In spite of these achieved results, the model of palliative care developed in Georgia could not be considered as completely successful. Many problems related to organization of services, and especially pain management, have yet to be decided. Though many important changes in Georgian legislation have happened in 2007 -2008 due to active work of the National Palliative Care Coordinator office, neither legislation nor recommendations of policy documents regarding opioid availability and accessibility, were implemented into the practice, and the consumption rate of opioids still remained quite low.
A formula from Foley and colleagues estimates that 80% of terminal cancer patients will require treatment with oral morphine in the range of 60 mg – 75 mg per day for the last 90 days of their life. According to this formula, 25kg – 31kg of oral morphine is needed in Georgia to treat the pain. Based on the Georgian government reports, the consumption of morphine doesn’t exceed 7-8 kg (injectable forms) for the several last years, that is equivalent to about 17 kg of oral morphine (conversion from injectable amount of dry morphine to oral forms gives this data).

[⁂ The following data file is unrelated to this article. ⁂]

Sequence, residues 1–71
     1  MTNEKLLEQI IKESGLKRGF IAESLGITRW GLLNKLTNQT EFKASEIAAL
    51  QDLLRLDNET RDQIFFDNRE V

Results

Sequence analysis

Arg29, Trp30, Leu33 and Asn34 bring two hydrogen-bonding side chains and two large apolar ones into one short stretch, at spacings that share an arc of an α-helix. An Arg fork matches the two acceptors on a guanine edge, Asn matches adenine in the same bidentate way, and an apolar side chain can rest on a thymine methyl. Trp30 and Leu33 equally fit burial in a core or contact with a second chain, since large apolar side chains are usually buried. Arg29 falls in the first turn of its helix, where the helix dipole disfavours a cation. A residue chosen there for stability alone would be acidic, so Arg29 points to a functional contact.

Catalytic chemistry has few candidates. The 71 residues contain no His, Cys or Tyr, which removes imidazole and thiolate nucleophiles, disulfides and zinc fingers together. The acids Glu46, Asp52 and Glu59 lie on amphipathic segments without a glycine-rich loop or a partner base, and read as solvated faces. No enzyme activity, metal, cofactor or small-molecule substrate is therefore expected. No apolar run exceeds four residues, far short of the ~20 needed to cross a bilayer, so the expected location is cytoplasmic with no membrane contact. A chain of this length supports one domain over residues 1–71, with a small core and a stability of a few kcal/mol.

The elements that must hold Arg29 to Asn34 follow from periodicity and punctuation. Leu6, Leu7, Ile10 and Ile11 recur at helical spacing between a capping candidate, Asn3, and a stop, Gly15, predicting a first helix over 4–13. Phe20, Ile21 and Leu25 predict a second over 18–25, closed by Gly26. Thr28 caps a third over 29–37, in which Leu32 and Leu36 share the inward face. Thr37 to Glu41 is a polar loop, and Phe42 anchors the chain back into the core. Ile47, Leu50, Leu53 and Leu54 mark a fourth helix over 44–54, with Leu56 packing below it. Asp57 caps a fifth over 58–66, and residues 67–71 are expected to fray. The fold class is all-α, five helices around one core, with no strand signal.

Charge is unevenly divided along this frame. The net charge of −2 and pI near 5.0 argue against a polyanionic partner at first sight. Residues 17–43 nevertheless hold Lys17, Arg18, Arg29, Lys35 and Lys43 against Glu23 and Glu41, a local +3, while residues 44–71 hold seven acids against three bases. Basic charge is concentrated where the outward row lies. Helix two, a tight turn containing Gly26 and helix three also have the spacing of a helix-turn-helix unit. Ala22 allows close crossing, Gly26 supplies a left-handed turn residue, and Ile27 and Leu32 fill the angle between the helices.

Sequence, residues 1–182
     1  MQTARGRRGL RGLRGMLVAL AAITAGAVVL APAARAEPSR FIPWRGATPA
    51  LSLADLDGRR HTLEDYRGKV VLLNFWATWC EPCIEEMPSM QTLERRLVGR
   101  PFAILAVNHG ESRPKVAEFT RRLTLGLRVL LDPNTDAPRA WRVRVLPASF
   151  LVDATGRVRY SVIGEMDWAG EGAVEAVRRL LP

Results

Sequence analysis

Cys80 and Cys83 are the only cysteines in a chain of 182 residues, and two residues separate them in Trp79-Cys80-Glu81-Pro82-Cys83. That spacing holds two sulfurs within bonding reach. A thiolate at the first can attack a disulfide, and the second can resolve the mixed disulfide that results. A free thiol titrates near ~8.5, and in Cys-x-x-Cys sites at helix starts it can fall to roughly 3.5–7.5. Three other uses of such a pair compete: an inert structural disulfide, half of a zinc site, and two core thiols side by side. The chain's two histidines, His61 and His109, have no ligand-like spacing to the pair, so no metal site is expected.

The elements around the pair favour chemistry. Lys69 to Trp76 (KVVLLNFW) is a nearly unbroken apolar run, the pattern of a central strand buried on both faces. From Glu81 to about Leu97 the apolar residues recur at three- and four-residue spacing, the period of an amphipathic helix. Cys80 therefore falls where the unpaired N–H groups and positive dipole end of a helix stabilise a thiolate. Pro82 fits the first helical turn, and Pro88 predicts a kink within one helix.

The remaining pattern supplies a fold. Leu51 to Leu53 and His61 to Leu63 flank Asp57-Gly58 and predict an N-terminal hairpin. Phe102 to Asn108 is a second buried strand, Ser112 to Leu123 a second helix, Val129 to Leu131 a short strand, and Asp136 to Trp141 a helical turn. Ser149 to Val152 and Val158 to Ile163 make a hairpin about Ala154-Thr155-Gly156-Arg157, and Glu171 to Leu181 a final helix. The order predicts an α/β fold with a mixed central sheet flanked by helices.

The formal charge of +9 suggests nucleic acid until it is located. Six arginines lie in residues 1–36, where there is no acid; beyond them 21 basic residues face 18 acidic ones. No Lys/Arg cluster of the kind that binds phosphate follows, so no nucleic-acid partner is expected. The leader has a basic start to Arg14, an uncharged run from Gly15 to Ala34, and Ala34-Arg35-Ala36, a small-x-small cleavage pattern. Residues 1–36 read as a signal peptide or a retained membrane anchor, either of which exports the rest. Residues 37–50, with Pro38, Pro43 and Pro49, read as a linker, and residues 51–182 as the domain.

From 2005 till 2009, only injectable morphine was available in Georgia, though still not accessible for many patients.
Based on our advocacy work with the Ministry of Health, Health Committee of the Parliament and other decision makers in 2009, registration of oral forms of morphine had taken place. Late in November 2009 different dosage forms of sustained release oral morphine became available in Georgia. Though consumption rate of oral opioids still remained quite low due to the existence of other barriers such as:
- Fear of addiction
- Lack of training/ knowledge
- Lack of national policy, guidelines
- Excessively restrictive laws and regulations.